Historic moment for South Texas
On Monday, Feb. 3, two bills filed in the Texas House and Senate detailed plans for the creation of a Rio Grande Valley university by joining UT-Brownsville, UT-Pan American and the UT Regional Academic Health Center, all institutions in South Texas. As one, these three institutions would benefit, if the new proposals become law, from access to the Permanent University Fund. One of the largest endowments in the nation, the Fund is, according to the Texas Constitution, only accessible to certain schools in the UT and Texas A&M Systems. Presently, that list of key-holders excludes UT-Brownsville and UT-Pan American.
By granting South Texas institutions access to the Fund, a plan Gov. Rick Perry endorsed in his State of the State speech last week, the Texas Legislature has directed tightly-controlled resources to a region where they are most needed. Some might argue that those resources, which, after all, are substantial and exist for the sole purpose of enriching the UT and A&M University Systems, should be spread around the state more generously. But don’t dismiss the momentous historical occasion the Legislative, System-wide and gubernatorial support the development represents for the Rio Grande region, which is expected to experience explosive population growth in the coming decades. South Texas will benefit, as all localities do, from the introduction of higher educations which brings jobs, medical care and greater opportunities.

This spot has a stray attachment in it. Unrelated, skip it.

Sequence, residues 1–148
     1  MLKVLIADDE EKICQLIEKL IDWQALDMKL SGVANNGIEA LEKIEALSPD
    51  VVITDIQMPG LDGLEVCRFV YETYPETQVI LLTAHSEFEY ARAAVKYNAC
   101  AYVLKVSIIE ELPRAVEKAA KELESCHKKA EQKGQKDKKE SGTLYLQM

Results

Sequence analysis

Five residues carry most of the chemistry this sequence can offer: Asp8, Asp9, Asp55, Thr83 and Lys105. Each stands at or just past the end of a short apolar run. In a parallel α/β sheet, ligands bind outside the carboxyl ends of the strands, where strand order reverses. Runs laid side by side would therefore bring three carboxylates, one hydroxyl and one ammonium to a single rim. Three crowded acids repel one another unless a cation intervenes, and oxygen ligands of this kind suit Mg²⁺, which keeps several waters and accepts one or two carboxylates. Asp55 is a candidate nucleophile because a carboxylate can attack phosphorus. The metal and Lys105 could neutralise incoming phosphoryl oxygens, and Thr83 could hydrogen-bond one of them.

In many ways, the existence of UT-Austin is an important part of what makes Central Texas such a rich place to live. We can only hope the same for South Texas. “Our investment in the children of South Texas will be returned a thousand-fold,” Rick Perry said last week. We, uncharacteristically, applaud the governor.
Cruz takes no prisoners
Texas voters got what they asked for when they elected Ted Cruz to the U.S. Senate: a debater and point-maker. But they did not get, so far, a winning debater and point-maker. Since he took office in January, Cruz has earned a place as the only current U.S. Senator to lose every vote he has cast.
“Senator Cruz promised the voters of Texas he would take principled stands when it comes to fiscal responsibility and protecting America’s sovereignty,” his spokesman, Sean Rushton, recently told The Washington Times. “He didn’t come to Washington to make friends; he came to help save the country. Senator Cruz is proud of his votes and will continue to stand up for America and the Constitution.”
Cruz apparently subscribes to the notion that voting against every measure that crosses his Senate desk can be equated with courageous and principled leadership. The opposite is true; it would be courageous of Cruz to seek advancement of our country’s interests in the face severe ideological divisions. It is much easier for Cruz to loudly reject ideas than to have the courage to compromise.
Cruz has opposed minor procedural changes in the Senate, the $50 billion Hurricane Sandy relief package and President Barack Obama’s appointment and the resulting confirmation of Sen. John F. Kerry to the post of secretary of state.
Right or wrong, Cruz has not gotten his way once. And whether you believe in Ron Paul’s brand of political stubbornness or President Obama’s compromising attitude — sometimes deemed over-solicitous by his supporters — Cruz’s initial senatorial appearance as a poster boy for conservative lost causes makes us long for his more practical predecessor, former U.S. Senator Kay Bailey Hutchison.